49ers Offense Ready for Opener

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Playing against a divisional rival to start your season is one thing. Playing on the road against the defending NFC Champions is another. But 49ers head coach Mike Singletary is not worried about the circumstances surrounding his team's season opener this Sunday against the Arizona Cardinals.

"It couldn't come sooner," Singletary said on Wednesday. "But to be honest with you, I really don't care who it is. I think the most important thing for us to do is continue what we've strived to do all offseason."

Singletary has been intent on turning the 49ers into a physical football team ever since he was named head coach following the 2008 season finale. At his introductory press conference, Singletary promised his first training camp as 49ers head coach would be one to remember.

And he certainly didn't disappoint.

From "Nutcracker" drills, to constant two-a-day practices in full pads, Singletary used training camp to prepare his 53 players for the upcoming season and instill his style of play in each individual.

With the grueling training camp practices and four preseason contests in their rear view mirror, the 49ers are eager to start competing in live game situations, rather than playing just for a series, quarter or a half of a game in some cases.

"It's a great challenge," second-year wide receiver Josh Morgan said of the season opener. "To be honest, I don't think Coach Singletary would have it any other way. It gives us the opportunity to show everybody what he's been preaching to us at training camp and everything he expects out of us. It's our chance to show him that we're ready."

That same enthusiasm for the season opener can be seen on all of the faces of the 49ers players.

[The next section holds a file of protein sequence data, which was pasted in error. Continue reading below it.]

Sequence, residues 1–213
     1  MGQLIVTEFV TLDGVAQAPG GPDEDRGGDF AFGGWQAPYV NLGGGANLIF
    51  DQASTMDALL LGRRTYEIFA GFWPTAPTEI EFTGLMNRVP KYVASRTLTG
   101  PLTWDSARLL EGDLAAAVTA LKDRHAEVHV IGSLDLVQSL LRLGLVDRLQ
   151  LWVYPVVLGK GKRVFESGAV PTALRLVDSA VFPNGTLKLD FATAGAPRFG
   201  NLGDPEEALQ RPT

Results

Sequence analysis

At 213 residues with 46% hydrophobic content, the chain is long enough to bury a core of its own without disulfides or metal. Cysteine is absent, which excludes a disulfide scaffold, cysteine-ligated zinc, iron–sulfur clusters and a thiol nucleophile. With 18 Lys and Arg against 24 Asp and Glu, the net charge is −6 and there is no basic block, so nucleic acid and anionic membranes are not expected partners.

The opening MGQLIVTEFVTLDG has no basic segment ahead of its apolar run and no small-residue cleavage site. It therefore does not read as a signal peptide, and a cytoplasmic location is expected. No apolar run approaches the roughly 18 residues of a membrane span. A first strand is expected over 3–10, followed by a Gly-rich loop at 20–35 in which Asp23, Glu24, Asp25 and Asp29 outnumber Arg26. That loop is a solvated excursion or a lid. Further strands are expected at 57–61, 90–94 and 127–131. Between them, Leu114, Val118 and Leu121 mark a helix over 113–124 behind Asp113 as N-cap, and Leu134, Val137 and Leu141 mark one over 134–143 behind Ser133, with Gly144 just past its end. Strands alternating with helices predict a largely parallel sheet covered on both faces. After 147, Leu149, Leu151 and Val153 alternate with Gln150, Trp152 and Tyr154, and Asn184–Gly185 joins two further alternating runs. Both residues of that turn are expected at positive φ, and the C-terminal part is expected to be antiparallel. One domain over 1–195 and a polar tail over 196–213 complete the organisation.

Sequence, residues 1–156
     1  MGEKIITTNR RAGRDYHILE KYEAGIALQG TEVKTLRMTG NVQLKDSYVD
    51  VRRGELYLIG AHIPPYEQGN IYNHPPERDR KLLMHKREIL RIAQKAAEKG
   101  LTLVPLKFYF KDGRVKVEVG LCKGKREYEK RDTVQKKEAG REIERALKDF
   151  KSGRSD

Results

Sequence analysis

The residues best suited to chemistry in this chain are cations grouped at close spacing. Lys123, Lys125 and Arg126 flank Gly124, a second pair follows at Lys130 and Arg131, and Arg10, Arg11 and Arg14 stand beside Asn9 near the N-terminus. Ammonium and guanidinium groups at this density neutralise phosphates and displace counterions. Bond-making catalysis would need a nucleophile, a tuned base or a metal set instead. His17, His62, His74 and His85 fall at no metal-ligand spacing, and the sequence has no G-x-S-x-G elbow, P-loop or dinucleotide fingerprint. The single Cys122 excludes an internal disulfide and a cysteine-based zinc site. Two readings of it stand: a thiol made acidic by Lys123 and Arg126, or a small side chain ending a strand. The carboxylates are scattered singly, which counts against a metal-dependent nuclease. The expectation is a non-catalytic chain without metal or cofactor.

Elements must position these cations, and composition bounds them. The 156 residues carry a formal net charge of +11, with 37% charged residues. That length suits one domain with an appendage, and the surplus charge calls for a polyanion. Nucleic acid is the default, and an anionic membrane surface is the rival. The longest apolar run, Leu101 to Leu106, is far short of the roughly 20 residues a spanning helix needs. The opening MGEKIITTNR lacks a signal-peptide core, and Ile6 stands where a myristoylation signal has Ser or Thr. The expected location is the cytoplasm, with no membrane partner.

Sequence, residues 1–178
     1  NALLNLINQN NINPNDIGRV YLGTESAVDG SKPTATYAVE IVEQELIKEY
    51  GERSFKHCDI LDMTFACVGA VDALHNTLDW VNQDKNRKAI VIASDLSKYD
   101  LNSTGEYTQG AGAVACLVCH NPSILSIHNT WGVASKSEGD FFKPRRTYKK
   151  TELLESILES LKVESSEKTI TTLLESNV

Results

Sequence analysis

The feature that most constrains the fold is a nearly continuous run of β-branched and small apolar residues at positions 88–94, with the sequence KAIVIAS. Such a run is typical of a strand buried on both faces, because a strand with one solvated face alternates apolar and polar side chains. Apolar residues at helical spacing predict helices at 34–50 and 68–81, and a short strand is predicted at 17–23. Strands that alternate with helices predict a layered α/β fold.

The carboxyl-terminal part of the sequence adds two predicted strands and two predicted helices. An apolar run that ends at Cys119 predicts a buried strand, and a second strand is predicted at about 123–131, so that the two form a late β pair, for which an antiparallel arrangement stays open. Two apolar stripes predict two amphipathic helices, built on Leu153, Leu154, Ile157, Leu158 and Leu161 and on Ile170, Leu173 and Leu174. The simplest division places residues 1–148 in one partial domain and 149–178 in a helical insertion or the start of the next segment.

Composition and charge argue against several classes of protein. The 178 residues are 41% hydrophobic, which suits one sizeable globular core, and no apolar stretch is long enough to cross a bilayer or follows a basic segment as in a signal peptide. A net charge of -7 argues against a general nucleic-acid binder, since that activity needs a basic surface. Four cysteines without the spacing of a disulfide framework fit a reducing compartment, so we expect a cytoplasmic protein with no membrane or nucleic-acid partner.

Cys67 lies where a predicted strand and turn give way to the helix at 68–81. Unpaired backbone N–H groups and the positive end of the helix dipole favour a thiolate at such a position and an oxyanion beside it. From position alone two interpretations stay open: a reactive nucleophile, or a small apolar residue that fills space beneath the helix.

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"I'm excited," starting quarterback Shaun Hill said. "They are wearing the NFC crown right now. Until somebody knocks them off, it's theirs. But I'm excited for the opportunity and I think everybody is ready to go."

Likewise, running back Frank Gore has been chomping at the bit to get the season underway. Considering his lack of carries in the preseason (7 for 26 yards), the star running back is anxiously awaiting his first legitimate action of the season.

Gore looked to be in great spirits on Wednesday with an ear-to-ear smile on his face at times as he fielded questions in the 49ers locker room.

"Man, I feel like I'm a kid," Gore said of his excitement for Sunday. "I hardly played in the preseason games, and I've been busting my behind all of training camp. I'm just very, very excited."

Gore and the 49ers offense will be looking to establish Singletary's physical vision early and often on Sunday as a collective unit.

"I know they have a little bit of swagger from going to the Super Bowl last year, but knowing what we've accomplished all offseason, I think we're ready to play together as one," Gore added.

It's no secret the 49ers will lean heavily on Gore's shoulders come Sunday.

Last season, Gore rushed for 96 and 99 yards in the teams' two meetings. However, Gore's efforts weren't enough to defeat Arizona in two close contests.